Panama: Christmas at El Valle's Canopy Lodge Pre-trip Dec 22—27, 2013

Posted by Tony Nunnery

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Tony Nunnery

Tony Nunnery grew up in Mississippi, then moved to Texas, and graduated from Stephen F. Austin University. After teaching elementary school for several years, he moved to M...

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While the United States was beginning to feel the effects of the polar vortex, those of us participating in the VENT Holiday Season in Panama tours were gearing up for a pleasantly warm tropical birding experience. The dry season had arrived early and other than a short shower the first day of the trip, it would remain dry except for an even shorter shower the last day of the trip. With the weather in our favor, we set out to make Christmas at the Canopy Lodge and New Year at the Canopy Tower a truly memorable Holiday Season.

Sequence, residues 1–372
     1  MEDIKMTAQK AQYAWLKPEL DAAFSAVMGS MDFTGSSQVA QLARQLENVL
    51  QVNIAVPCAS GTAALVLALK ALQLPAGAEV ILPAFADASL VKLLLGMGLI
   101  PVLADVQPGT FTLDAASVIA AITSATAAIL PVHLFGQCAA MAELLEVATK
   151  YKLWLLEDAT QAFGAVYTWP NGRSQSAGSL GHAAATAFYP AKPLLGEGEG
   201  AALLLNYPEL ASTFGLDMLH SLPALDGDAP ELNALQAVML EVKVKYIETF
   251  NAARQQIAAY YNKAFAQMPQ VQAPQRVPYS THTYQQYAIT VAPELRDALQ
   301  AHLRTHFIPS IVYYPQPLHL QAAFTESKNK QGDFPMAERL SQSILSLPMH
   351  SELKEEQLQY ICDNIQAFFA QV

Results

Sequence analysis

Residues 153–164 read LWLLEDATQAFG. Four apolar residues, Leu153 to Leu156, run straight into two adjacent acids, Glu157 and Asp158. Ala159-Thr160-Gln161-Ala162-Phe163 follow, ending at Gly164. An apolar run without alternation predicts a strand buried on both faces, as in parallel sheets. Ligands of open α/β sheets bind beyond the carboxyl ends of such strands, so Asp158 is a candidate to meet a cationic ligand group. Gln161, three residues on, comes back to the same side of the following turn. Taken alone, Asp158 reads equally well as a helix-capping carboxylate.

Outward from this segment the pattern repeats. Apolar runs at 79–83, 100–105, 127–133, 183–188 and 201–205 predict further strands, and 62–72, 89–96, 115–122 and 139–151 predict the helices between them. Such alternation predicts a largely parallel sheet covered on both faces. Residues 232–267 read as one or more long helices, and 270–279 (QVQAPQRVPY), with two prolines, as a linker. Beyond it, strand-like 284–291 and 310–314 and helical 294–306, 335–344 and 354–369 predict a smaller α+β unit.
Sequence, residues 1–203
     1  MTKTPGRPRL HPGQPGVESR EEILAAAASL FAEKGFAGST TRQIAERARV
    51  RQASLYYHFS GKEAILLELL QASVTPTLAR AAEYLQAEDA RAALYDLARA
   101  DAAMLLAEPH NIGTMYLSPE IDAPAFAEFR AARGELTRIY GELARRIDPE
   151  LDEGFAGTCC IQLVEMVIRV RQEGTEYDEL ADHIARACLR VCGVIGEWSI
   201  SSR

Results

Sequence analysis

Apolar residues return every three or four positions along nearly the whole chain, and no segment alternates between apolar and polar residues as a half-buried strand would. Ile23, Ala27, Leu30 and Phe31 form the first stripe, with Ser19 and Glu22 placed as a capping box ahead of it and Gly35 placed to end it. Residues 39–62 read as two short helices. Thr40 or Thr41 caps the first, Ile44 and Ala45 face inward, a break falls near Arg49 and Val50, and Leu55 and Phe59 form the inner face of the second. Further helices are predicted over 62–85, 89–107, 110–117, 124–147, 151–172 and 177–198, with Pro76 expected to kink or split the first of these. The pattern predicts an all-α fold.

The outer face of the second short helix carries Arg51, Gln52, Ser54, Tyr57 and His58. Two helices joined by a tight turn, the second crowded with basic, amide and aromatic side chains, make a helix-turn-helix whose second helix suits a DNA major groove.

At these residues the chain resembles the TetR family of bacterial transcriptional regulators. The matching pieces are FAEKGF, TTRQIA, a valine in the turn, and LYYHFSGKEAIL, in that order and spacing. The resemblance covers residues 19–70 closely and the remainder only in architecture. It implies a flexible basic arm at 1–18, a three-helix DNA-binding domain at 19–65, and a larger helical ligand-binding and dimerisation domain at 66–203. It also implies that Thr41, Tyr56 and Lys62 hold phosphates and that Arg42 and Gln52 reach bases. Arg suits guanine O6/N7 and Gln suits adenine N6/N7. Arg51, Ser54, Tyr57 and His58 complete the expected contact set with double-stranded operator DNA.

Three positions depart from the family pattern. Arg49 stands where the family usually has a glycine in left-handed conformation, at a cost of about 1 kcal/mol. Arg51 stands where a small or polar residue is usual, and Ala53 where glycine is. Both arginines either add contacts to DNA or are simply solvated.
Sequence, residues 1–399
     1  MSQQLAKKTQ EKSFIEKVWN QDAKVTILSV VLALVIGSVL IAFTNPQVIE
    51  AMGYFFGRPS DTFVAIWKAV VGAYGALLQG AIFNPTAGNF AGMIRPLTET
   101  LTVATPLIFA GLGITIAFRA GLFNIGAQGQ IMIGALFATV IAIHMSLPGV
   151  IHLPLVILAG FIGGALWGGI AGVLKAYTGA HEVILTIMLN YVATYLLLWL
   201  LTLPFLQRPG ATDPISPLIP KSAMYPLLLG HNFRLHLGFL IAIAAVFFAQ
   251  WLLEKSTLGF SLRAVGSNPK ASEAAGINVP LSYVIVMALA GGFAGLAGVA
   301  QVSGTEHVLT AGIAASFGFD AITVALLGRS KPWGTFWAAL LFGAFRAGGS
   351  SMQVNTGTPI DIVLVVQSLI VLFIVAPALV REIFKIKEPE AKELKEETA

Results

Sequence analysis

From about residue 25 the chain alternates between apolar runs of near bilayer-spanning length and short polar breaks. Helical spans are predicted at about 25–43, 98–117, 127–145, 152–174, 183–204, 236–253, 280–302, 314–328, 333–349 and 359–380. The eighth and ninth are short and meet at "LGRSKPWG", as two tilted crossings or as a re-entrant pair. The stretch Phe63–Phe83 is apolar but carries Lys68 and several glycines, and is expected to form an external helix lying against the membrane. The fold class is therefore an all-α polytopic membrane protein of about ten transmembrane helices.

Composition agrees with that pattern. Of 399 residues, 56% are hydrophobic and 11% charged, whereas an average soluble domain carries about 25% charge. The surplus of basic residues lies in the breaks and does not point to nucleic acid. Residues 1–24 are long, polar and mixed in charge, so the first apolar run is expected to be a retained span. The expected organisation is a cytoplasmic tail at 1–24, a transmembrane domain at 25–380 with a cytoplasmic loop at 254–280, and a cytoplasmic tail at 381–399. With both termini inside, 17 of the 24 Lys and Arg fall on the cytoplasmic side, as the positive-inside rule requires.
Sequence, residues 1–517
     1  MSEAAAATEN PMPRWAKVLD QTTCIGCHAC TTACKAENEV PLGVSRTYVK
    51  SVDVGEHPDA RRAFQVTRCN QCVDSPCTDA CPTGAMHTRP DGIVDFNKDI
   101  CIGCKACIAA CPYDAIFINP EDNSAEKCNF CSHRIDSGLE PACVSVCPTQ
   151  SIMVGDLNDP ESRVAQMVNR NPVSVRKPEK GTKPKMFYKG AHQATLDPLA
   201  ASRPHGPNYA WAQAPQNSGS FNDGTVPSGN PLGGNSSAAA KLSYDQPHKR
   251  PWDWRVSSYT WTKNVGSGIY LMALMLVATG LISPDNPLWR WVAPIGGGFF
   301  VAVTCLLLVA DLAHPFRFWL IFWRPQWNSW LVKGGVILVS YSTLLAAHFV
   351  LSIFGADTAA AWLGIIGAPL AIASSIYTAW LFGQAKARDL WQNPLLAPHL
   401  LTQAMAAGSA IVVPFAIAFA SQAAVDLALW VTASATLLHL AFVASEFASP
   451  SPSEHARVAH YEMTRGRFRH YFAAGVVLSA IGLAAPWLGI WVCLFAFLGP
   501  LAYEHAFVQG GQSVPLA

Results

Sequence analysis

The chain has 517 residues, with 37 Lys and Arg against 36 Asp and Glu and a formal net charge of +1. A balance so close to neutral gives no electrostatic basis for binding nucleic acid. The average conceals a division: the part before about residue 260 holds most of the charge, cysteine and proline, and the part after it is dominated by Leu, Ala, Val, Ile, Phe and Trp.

We began by observing the birds coming to feast on bananas in the outdoor dining area at the Canopy Lodge. Clay-colored Thrushes made a futile attempt to prevent Palm Tanagers, Blue-gray Tanagers, Crimson-backed Tanagers, Flame (Lemon)-rumped Tanagers, and Thick-billed Euphonias from eating on the bananas they were guarding. Accepting defeat, they surrendered and began to eat alongside the very birds they were trying to chase away. Then all the birds would yield and fly up into the nearby trees whenever the Collared Aracaries would arrive at the feeders. We watched excitedly as the aracaries would get their fill of bananas, fly away, and all the other birds would drop down to the feeders again. A little later all the birds would yield and fly up into the nearby trees to allow Gray-headed Chachalacas their fill of bananas. To our delight, it was an ever-changing display of tropical birds at the bananas. The feeders allow us an up-close, long, and studied look at some of the more common species. This provides a valuable source of knowledge once we venture out to look for other less common species. With these images firmly implanted in our memories, participants are better able to sort through a mixed flock and pick out any new species. In this way everyone has their proud moment of spotting a new bird and sharing it with the rest of the group. Following are some of the highlights we came across during our Christmas at El Valle’s Canopy Lodge Pre-Trip.